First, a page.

# Using matplotlib in Perl 6 (part 2)

2017-03-05 23:00,

This is Part 2 in a series. You can start at the Intro here.

In Part 1 of this series, I managed to use matplotlib in Perl 6 to output a simple graph from the matplotlib tutorial. In this post, I will tackle the first graph in the matplotlib gallery, `barh_demo.py`.

```import matplotlib.pyplot as plt
import numpy as np

plt.rcdefaults()
fig, ax = plt.subplots()

# Example data
people = ('Tom', 'Dick', 'Harry', 'Slim', 'Jim')
y_pos = np.arange(len(people))
performance = 3 + 10 * np.random.rand(len(people))
error = np.random.rand(len(people))

ax.barh(y_pos, performance, xerr=error, align='center',
color='green', ecolor='black')
ax.set_yticks(y_pos)
ax.set_yticklabels(people)
ax.set_xlabel('Performance')
ax.set_title('How fast do you want to go today?')

plt.show()```

Again, numpy is being used, but I figured Perl 6 can probably do whatever is needed natively, so I proceeded to convert the imports to Perl parlance (perlance?) and got started.

```use Matplotlib;
my \$plt = Matplotlib.new;

\$plt.rcdefaults();
my ( \$fig, \$ax ) = \$plt.subplots();```

As mentioned in the tail end of Part 1, Python likes scalar values, so from here on in I'm going to stick to using mostly scalar variables in my Perl code. I may also provide alternative methods of doing things if I think they are noteworthy or interesting. Now on with the show!

I need to create the example data... `people` is just your average list of strings. Perl has always had nice quoting construct to create a list of words, so that ones is as simple as

`my \$people = < Tom Dick Harry Slim Jim >;`

Now what's `numpy.arange` doing? I knew that `len(people)` was `5`, but I didn't know what `arange` was doing with that `5`. It turns out it simply creates an array of values starting at `0`, incrementing by one and up to `5`, ie. `[0, 1, 2, 3, 4]`. As seen in Part 1, I can use the handy Sequence operator for that, but creating lists like this is fairly common which is why Perl 6 also provides a convenient shortcut for it:

```my \$list = (0 ...^ 5); # Result: (0, 1, 2, 3, 4)
my \$list = ^5;         # same thing```

Of course, I can use a variable instead of a literal integer. As covered in Part 1, lists used in a numerical context are coerced to their number of elements. These features combined mean that my `y_pos` assignment looks like this.

`my \$y_pos = ^\$people;`

For the next two lists of values, `performance` and `error`, numpy is being used to generate some random values. Both values reference `len(people)`, and this equates to the number of random values returned: `5`. Perl has a fairly standard `rand` function that - without arguments - returns a random value between 0 and 1. However, I can use the "list repetition" operator (`xx`) to create a list of random values. Again referring to Part 1, I know that mathematical operations on a numpy array are equivalent to mapping that operation across each element, so I ended up with this.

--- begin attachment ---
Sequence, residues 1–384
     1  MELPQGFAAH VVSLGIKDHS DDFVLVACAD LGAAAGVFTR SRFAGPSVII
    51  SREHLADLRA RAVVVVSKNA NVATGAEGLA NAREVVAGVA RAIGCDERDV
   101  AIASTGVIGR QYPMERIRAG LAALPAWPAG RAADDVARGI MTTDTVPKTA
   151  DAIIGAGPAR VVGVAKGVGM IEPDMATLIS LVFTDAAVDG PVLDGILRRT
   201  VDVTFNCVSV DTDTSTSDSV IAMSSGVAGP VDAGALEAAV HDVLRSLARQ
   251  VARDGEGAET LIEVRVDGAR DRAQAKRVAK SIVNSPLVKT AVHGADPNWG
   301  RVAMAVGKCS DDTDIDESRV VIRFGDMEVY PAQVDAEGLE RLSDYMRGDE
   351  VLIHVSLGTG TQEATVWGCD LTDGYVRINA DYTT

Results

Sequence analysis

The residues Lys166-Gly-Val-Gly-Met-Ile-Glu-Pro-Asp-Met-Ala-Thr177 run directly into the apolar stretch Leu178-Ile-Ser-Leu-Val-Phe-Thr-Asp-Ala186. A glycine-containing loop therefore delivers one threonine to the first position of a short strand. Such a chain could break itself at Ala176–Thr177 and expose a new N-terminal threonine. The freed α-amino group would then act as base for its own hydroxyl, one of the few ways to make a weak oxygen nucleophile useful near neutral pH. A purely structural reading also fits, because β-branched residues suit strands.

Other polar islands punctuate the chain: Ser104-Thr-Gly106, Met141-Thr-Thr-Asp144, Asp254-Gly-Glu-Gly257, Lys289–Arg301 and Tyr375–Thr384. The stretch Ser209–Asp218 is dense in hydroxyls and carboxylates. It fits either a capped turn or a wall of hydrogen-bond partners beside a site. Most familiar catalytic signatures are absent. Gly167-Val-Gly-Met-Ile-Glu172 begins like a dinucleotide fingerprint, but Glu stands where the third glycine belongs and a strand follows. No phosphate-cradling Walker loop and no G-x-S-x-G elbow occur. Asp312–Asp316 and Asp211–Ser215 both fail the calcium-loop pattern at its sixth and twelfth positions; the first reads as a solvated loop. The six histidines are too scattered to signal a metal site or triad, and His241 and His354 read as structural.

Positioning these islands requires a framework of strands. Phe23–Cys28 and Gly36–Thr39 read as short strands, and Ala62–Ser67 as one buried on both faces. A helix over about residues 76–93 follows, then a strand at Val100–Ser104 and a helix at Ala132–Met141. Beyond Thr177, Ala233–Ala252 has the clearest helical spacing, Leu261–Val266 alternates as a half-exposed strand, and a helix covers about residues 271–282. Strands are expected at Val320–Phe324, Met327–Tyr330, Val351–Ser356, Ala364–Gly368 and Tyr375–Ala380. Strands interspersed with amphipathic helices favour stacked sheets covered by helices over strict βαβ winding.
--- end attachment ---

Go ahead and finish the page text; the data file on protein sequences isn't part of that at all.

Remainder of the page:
```my \$performance = ( rand xx \$people ).map( 10 × * + 3 );
my \$xerr = rand xx \$people;```

In those 3 lines of code, The `\$people` list variable is used in a numerical context so it is evaluated to it's number of elements: `5`. You could always be more explicit in your code and say `\$people.elems` if you prefer.

You may have noticed I called my list of error values `xerr` instead of `error` and there's a good reason. Perl 6 provides a convenient syntax for passing named arguments (kwargs in Python) when a variable has the same name as the named argument.
Oh, and one more thing. Remember that `< word quoting >` syntax I used before? I can use that when passing named arguments too. Here's a quick illustration using an example function `foo()` that takes 1 positional parameter, and 1 named parameter.

```sub foo( \$positional, :\$named ) { ... }

# Calling the function
foo( 'bar', :named('baz') );

# Using the word-quoting construct
foo( 'bar', :named<baz> );

# or if I had a \$named variable
my \$named = 'baz';
foo( 'bar', :\$named );```

To some, it may seem odd to have so many ways to pass a named argument (and truthfully there's more) but I hope what comes through here is that the syntax tries to consistent in how it's used... But I digress... Less plodding and more plotting!

With the above out of the way, the rest of the code is pretty straight forward. Here's the final code.

```use Matplotlib;
my \$plt = Matplotlib.new;

\$plt.rcdefaults();
my ( \$fig, \$ax ) = \$plt.subplots();

# Example data
my \$people = < Tom Dick Harry Slim Jim >;
my \$y_pos = ^\$people;
my \$performance = ( rand xx \$people ).map( 10 × * + 3 );
my \$xerr = rand xx \$people;

\$ax.barh(
\$y_pos, \$performance,
:\$xerr, :align<center>, :color<green>, :ecolor<black>
);
\$ax.set_yticks(\$y_pos);
\$ax.set_yticklabels(\$people); Well that was mostly painless. The wrapper module is working as expected, and I was able to emulate a basic function of numpy with relative ease. I glanced back to the the Matplotlib gallery... Next in line was the `fill_demo`. Let's go!